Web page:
Up to mighty London came an Irishman one day, As the streets are paved with gold, sure everyone was gay; Singing songs of Piccadilly, Strand and Leicester Square, Till Paddy got excited, then he shouted to them there:–


“It’s a long way to Tipperary,
It’s a long way to go;
It’s a long way to Tipperary,
To the sweetest girl I know!
Good-bye Piccadilly,
Farewell, Leicester Square,
It’s a long, long way to Tipperary, But my heart’s right there!”

Paddy wrote a letter to his Irish Molly O’, Saying, “Should you not receive it, write and let me know! “If I make mistakes in ‘spelling,’ Molly dear,’ said he, “Remember it’s the pen that’s bad, don’t lay the blame on me.”

Molly wrote a neat reply to Irish Paddy O’, Saying, “Mike Maloney wants to marry me, and so Leave the Strand and Piccadilly, or you’ll be to blame, For love has fairly drove me silly–hoping you’re the same!”


There was a youthe, and a well-beloved youthe, And he was a squires son:
He loved the bayliffes daughter deare, That lived in Islington.

Yet she was coye, and would not believe That he did love her soe,
Noe nor at any time would she
Any countenance to him showe.

But when his friendes did understand His fond and foolish minde,
They sent him up to faire London
An apprentice for to binde.

And when he had been seven long yeares, And never his love could see:
Many a teare have I shed for her sake, When she little thought of mee.

Then all the maids of Islington
Went forth to sport and playe,
All but the bayliffes daughter deare; She secretly stole awaye.

She pulled off her gowne of greene,
And put on ragged attire,
And to faire London she would goe
Her true love to enquire.

And as she went along the high road, The weather being hot and drye,
She sat her downe upon a green bank, And her true love came riding bye.

She started up, with a colour soe redd, Catching hold of his bridle-reine;
One penny, one penny, kind Sir, she sayd, Will ease me of much paine.

Before I give you one penny, sweet-heart, Praye tell me where you were borne:
At Islington, kind Sir, sayd shee, Where I have had many a scorne.

I prythee, sweet-heart, then tell to mee, O tell me, whether you knowe
The bayliffes daughter of Islington: She is dead, Sir, long agoe.

If she be dead, then take my horse,
My saddle and bridle also;
For I will into some far countrye, Where noe man shall me knowe.

O staye, O staye, thou goodlye youthe, She standeth by thy side;
She is here alive, she is not dead, And readye to be thy bride.

O farewell griefe, and welcome joye, Ten thousand times therefore;
For nowe I have founde mine owne true love, Whom I thought I should never see more.


There were three rauens sat on a tree, Downe a downe, hay down, hay downe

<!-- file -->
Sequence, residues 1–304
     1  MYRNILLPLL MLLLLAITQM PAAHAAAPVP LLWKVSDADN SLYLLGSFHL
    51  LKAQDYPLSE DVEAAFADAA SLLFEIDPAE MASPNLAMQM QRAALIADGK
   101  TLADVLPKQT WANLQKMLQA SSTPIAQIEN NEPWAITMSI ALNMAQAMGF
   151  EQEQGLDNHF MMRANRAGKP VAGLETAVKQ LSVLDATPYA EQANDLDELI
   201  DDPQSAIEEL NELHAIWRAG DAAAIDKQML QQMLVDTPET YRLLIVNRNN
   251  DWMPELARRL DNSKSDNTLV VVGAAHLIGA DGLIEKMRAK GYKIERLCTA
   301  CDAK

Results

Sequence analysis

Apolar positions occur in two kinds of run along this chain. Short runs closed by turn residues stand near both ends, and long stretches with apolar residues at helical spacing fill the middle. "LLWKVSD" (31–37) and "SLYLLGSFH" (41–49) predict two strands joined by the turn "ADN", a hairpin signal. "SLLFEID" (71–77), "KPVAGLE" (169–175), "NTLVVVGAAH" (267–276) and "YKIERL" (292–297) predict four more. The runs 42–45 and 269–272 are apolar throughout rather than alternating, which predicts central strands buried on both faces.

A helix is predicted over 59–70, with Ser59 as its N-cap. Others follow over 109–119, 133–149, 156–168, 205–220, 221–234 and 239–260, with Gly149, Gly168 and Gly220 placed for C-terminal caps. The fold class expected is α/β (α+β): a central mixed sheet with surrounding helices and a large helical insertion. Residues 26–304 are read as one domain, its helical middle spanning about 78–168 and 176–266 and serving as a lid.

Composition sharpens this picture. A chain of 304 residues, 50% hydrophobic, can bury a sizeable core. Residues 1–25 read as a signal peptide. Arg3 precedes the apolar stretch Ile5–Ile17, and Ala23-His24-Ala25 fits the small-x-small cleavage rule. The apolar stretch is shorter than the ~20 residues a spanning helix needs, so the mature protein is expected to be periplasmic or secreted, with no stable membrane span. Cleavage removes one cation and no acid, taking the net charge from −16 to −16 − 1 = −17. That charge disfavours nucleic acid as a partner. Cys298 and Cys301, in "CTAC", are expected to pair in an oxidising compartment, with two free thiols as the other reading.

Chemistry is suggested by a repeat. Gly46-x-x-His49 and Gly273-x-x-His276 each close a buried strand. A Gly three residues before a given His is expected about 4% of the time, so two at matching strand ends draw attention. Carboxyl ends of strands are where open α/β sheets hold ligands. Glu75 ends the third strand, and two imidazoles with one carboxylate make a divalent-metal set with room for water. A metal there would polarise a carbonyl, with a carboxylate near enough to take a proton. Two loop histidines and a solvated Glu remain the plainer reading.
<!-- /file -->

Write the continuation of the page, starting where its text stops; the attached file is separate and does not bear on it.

There were three rauens sat on a tree, With a downe
There were three rauens sat on a tree, They were as blacke as they might be
With a downe derrie, derrie, derrie, downe, downe

The one of them said to his mate,
“Where shall we our breakefast take?”

“Downe in yonder greene field,
There lies a knight slain vnder his shield.

“His hounds they lie downe at his feete, So well they can their master keepe.

“His haukes they flie so eagerly,
There’s no fowle dare him come nie.”

Downe there comes a fallow doe,
As great with yong as she might goe.

She lift up his bloudy hed,
And kist his wounds that were so red.

She got him up upon her backe,
And carried him to earthen lake.

She buried him before the prime,
She was dead herselfe ere even-song time.

God send every gentleman,
Such haukes, such hounds, and such a leman.


The pauky auld Carle come ovir the lee Wi’ mony good-eens and days to mee,
Saying, Good wife, for zour courtesie, Will ze lodge a silly poor man?
The night was cauld, the carle was wat, And down azont the ingle he sat;
My dochtors shoulders he gan to clap, And cadgily ranted and sang.

O wow! quo he, were I as free,
As first when I saw this countrie, How blyth and merry wad I bee!
And I wad nevir think lang.
He grew canty, and she grew fain;
But little did her auld minny ken
What thir slee twa togither were say’n, When wooing they were sa thrang.

And O! quo he, ann ze were as black, As evir the crown of your dadyes hat,
Tis I wad lay thee by my backe,
And awa wi’ me thou sould gang.
And O! quoth she, ann I were as white, As evir the snaw lay on the dike,
Ild dead me braw, and lady-like,
And awa with thee Ild gang.

Between them twa was made a plot;
They raise a wee before the cock,
And wyliely they shot the lock,
And fast to the bent are they gane. Up the morn the auld wife raise,
And at her leisure put on her claiths, Syne to the servants bed she gaes
To speir for the silly poor man.

She gaed to the bed, whair the beggar lay, The strae was cauld, he was away,
She clapt her hands, cryd, Dulefu’ day! For some of our geir will be gane.
Some ran to coffer, and some to kist, But nought was stown that could be mist. She dancid her lane, cryd, Praise be blest, I have lodgd a leal poor man.

Since naithings awa, as we can learn, The kirns to kirn, and milk to earn,
Gae butt the house, lass, and waken my bairn, And bid her come quickly ben.
The servant gaed where the dochter lay, The sheets was cauld, she was away,
And fast to her goodwife can say,
Shes aff with the gaberlunzie-man.

O fy gar ride, and fy gar rin,
And haste ze, find these traitors agen; For shees be burnt, and hees be slein,
The wearyfou gaberlunzie-man.
Some rade upo horse, some ran a fit The wife was wood, and out o’ her wit;
She could na gang, nor yet could sit, But ay did curse and did ban.

Mean time far hind out owre the lee, For snug in a glen, where nane could see, The twa, with kindlie sport and glee
Cut frae a new cheese a whang.